Economic instability can lead to political extremism which can in turn lead to totalitarian governments which are a million times worse than a few bank shareholders taking a haircut. The level of seriousness is simply not there in Troika. This isn’t kindergarten. It’s 1933 and it’s time to stop fucking around and pretending like the worst possible outcome is the Deutsche Bank going out of business. Krugman likes to talk about Very Serious People (“VSPs”) in a pejorative way, and I think this is a good use of the term. There are a lot of serious looking people in suits who are treating this like some sort of game.
The IMF is not to be trusted. They have happily destroyed countries in their pursuit of maximizing lending banks’ profits. When you have Joe Stiglitz calling you out, maybe that’s a red flag for your trustworthiness. Even a cursory examination of the IMF’s history will reveal a litany of failure, at least if you define failure as bad outcomes for the countries being intervened in.
I don’t think bank losses are a big deal, especially when they have had 6 years to insulate themselves from Greek debt. No one thinks the Greeks are going to pay back what they owe. The only question is how much. Any bank wiped out at this point from a Greek default only has themselves to blame. Banks are firms. They can go out of business and new ones will arise to take their place. Bankruptcy is the sign of a healthy economy, because it demonstrates creative destruction is working. No one firm is as important as overall economic performance.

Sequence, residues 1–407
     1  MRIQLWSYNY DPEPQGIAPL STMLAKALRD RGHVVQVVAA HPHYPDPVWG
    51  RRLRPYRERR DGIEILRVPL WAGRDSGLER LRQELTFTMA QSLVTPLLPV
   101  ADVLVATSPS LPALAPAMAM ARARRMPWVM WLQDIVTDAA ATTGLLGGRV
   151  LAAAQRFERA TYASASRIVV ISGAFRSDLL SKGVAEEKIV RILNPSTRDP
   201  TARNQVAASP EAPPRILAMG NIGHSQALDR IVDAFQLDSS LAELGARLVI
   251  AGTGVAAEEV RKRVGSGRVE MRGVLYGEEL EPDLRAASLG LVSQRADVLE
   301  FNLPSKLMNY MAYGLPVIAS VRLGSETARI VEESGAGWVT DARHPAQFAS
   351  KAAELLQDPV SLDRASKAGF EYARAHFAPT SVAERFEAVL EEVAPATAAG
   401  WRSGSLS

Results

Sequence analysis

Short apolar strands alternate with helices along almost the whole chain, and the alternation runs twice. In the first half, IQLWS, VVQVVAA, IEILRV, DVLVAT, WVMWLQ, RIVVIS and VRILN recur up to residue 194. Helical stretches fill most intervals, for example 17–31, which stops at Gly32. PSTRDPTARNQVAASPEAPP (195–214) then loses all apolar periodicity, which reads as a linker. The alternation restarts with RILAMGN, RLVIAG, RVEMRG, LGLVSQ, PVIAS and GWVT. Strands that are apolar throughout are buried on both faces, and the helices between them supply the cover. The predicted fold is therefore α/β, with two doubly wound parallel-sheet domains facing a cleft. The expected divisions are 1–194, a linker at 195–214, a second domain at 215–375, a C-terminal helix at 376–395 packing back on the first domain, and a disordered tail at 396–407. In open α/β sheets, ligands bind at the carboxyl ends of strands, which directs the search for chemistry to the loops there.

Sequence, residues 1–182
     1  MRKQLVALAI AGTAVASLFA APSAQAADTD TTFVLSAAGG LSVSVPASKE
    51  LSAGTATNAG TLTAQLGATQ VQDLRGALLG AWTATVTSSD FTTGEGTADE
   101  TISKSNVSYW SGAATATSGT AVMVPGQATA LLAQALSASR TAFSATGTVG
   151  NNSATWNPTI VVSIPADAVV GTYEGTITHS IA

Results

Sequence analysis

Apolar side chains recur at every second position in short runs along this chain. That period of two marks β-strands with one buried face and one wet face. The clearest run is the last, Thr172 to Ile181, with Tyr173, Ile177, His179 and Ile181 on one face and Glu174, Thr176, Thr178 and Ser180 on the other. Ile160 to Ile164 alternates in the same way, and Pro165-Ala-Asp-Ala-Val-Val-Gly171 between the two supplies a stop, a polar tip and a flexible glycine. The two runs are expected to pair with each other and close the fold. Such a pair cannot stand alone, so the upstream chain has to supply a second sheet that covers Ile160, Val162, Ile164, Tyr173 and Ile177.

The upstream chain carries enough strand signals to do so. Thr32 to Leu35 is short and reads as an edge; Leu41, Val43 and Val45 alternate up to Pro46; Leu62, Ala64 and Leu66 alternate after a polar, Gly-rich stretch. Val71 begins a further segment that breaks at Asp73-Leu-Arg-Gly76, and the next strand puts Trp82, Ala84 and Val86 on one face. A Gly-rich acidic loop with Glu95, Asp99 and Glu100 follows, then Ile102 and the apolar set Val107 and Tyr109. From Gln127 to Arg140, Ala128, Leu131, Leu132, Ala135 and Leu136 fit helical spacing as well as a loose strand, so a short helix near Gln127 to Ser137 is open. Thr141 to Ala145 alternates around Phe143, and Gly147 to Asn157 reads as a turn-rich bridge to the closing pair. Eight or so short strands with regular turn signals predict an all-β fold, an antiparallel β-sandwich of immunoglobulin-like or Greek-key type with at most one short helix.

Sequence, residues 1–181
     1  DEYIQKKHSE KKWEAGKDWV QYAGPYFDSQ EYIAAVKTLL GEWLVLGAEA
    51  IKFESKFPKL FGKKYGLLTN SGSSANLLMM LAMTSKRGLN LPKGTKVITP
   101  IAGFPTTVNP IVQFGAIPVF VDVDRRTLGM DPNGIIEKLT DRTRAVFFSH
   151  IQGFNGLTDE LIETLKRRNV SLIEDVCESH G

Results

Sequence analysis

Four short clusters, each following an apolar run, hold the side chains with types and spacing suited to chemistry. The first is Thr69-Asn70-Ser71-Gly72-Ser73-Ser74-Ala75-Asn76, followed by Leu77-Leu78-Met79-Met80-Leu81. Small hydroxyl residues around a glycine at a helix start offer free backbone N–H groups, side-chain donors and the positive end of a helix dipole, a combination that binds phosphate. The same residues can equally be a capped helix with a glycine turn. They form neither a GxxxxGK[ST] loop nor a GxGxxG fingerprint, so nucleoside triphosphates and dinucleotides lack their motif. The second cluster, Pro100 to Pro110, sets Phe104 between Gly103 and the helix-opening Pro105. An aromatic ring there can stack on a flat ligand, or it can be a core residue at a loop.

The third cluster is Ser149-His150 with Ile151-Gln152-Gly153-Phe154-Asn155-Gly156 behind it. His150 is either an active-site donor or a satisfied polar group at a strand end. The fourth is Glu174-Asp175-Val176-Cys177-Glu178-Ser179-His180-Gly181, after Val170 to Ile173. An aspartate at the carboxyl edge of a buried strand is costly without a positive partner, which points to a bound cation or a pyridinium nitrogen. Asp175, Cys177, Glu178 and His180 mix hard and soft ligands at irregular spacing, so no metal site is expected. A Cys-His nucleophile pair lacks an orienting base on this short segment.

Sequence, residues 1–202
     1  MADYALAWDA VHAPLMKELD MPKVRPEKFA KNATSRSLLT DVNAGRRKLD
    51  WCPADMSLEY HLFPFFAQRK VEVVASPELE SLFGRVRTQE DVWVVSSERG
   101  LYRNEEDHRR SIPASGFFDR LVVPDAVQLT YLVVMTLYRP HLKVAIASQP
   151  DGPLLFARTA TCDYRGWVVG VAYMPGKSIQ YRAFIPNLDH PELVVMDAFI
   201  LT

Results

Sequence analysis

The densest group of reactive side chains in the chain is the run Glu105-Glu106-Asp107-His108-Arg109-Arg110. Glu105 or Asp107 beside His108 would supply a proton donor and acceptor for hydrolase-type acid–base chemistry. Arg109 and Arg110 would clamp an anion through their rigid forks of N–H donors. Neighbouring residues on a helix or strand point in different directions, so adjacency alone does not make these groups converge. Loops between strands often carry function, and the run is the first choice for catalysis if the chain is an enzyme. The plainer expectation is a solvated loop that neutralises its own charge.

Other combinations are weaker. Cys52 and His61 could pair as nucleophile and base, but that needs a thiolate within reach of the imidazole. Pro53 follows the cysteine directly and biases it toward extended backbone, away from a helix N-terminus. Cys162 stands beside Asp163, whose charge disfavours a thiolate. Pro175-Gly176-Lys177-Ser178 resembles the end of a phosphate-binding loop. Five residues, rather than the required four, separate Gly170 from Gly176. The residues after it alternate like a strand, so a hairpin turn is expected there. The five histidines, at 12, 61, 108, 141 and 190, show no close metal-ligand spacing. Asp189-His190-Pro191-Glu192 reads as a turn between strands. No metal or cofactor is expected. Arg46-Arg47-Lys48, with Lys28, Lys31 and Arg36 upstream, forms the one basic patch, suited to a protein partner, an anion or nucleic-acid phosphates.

Speed bankruptcy can save the world. Banks deliberately structure themselves so that they are fragile in order to credibly blackmail governments into giving them bailouts when things go downhill. There’s no other reason to finance yourself with so much debt vs. equity. However, there is a counter. If you make bank debt convertible to equity in the cause of a bank run, you take away the bank’s trump card – defaulting on their own loans, and triggering a chain reaction. If another bank is tipped into bankruptcy by the speed bankruptcy, run them through speed bankruptcy as well.
Banking cronyism is THE #1 economic problem in the first world. Lenin taught us that political cronies are interchangeable. Take a page from his book and convince yourself that economic cronies are also interchangeable. Sure, Goldman Sachs looks pretty indispensable right now, but if they’re gone, another investment bank will take their place and throw money into your reelection campaign just like the last bank did.
Prudent lending is just as important as prudent borrowing. If you know someone is going to default and you lend them money anyway, that is your fault as much as it is theirs. Sure, the “predatory lending” story doesn’t fit as well with Greece as they are with sub-prime borrowers, but it rhymes. If you lent Greece a ton of money, you’re going to get what you deserve good and hard and you have no one to blame but yourself.
Default does not change the net wealth of a society. The lender loses by exactly as much as the borrower gains. In fact, default is even better with government debt because government debt is paid back by taxation which has deadweight loss. From a strict economic efficiency perspective, governments should default all the time.
Germany’s mercantilism is stupid in the long run. Sure, in the short run, you can lash yourself to importers and get an artificially weak currency to boost your exports, but in the long run you get exactly the sorts of imbalances you are seeing now. Sure, you help exporters, but only at the cost of hurting consumers who are buying imports. Free trade and floating currency is, and always has been, the first best option.
Conflation of default and leaving the Euro. If a country can’t default without leaving a currency, it should never have entered the currency union in the first place. A U.S. city or state can default without having to leave the dollar. Why isn’t this the case in Europe? Just default and start to issue new debt. You don’t need permission from anyone. Germany can’ kick Greece out involuntarily any more than Greece can tell Germany not to use the Euro.